UK to champion disaster aid drive

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The United Kingdom is contributing some 62 million pounds to assist hurricane-hit countries and territories in the Caribbean.
However, the majority of that is likely to go to its Overseas Territories, Anguilla, the British Virgin Islands and the Turks and Caicos. The disclosure was made on Friday during meetings hosted by the World Bank in Washington D.C.
Speaking to OBSERVER media on Tuesday, Commonwealth Secretary General Baroness Patricia Scotland said it signalled a positive turn in the tide for disaster recovery aid.
She said the UK assistance was intended for the long-term reconstruction challenge.
“They acknowledged the extreme weather was a fact of life now and that we have to boost resilience, building resilience into their aid programme, and they have identified 100 million pounds in economic development for the Caribbean.”
The Commonwealth official said eight million pounds would go toward building climate resilience while some 15 million pounds is being earmarked for risk insurance.
Further details on the economic aid are still forthcoming.
Aid for countries like Antigua and Barbuda, which has been rated as a high-income country by the World Bank, has been a hot button issue in the wake of the September storms. 
The classification means that the country does not qualify for Official Development Assistance (ODA) from the Organization for Economic Co-operation and Development countries. The aid is reserved for the least developed and lower income countries and territories.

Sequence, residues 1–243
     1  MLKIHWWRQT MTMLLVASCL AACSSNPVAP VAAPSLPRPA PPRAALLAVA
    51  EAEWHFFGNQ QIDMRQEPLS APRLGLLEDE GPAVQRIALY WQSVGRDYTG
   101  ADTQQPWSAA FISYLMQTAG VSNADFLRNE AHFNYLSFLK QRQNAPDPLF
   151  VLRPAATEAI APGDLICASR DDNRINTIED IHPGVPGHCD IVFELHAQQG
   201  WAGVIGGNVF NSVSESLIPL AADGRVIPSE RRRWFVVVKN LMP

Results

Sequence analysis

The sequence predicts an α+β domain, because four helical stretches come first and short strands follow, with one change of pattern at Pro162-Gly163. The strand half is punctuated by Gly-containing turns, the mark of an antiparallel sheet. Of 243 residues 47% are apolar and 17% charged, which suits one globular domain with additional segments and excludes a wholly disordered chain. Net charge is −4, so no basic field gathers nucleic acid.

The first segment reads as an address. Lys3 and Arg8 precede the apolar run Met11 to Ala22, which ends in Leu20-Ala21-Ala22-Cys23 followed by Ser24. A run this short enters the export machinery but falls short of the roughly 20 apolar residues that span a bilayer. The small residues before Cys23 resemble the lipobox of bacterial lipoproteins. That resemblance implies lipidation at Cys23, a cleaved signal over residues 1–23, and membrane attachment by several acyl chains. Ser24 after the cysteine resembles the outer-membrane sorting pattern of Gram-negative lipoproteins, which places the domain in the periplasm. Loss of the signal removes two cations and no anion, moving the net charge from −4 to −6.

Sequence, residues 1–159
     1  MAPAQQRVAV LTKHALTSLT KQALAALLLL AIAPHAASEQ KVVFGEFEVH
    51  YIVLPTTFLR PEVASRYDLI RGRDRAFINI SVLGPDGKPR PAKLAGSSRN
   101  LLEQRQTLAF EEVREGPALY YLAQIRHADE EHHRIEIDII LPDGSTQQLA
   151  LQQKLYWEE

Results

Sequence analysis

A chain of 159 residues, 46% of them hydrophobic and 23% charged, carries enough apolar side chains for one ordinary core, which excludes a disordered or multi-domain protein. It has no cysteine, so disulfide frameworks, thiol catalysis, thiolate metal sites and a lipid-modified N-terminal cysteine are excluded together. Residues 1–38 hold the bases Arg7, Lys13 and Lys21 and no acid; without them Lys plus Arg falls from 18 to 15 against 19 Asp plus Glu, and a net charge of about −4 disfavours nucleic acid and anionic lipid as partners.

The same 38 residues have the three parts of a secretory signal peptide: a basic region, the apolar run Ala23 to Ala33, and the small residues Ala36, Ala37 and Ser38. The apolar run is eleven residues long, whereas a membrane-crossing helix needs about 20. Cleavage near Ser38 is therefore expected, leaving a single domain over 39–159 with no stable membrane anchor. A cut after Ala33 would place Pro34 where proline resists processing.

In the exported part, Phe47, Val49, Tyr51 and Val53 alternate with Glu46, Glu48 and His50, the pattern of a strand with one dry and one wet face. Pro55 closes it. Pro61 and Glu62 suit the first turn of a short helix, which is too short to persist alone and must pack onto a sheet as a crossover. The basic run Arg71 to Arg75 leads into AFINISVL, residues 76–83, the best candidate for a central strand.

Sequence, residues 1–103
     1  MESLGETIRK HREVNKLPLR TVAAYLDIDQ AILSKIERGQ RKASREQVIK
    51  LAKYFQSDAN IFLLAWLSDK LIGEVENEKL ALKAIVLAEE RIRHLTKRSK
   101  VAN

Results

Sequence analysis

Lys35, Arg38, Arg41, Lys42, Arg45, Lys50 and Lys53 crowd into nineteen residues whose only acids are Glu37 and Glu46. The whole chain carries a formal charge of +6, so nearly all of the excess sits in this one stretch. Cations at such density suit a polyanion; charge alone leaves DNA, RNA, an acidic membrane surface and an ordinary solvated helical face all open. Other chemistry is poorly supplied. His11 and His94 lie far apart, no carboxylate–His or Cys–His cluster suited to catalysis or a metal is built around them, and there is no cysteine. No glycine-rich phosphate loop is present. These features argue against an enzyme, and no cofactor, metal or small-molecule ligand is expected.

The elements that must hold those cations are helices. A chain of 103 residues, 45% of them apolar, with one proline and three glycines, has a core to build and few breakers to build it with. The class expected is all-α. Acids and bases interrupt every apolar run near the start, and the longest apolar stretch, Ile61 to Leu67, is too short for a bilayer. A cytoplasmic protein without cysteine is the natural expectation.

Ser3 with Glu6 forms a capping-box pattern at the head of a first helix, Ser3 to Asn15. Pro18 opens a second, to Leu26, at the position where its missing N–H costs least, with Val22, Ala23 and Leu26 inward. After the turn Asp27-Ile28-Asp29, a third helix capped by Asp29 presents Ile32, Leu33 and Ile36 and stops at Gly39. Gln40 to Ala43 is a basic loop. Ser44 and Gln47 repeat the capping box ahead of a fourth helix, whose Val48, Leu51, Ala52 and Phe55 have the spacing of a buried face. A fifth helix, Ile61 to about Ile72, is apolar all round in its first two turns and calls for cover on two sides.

Prime Minister Gaston Browne has dubbed the position an absurdity and has received support from the U.N. Secretary General Antonio Guterres. They both called for a re-organisation of financing for states that are classified as too rich for badly-needed aid.
On Tuesday Scotland said concerns about the ODA criteria had arisen since July at the international level, and Philip Hammond, the UK’s Chancellor of the Exchequer, had indicated that his country was going to champion the calls for change.
“What he said was that the United Kingdom was going to lead the charge in the international community on the understanding that natural disasters were a great leveller.” Scotland said the UK would seek to build consensus for a time-limited response that would allow countries in Dominica and Antigua and Barbuda’s position to benefit from ODA.
“Now that’s a real turnaround because you’ll know we’ve been knocking on that door for a very long time, and the Commonwealth has been leading that charge for many years now. And it’s so good to know that we are now getting the support from a number of large countries as well,” the secretary-general said.
The Commonwealth represents a third of the world across six regions, including small states and vulnerable states, developed and developing states, and five of the countries making up the Group of 20, namely Australia, Canada, India, South Africa and the UK.

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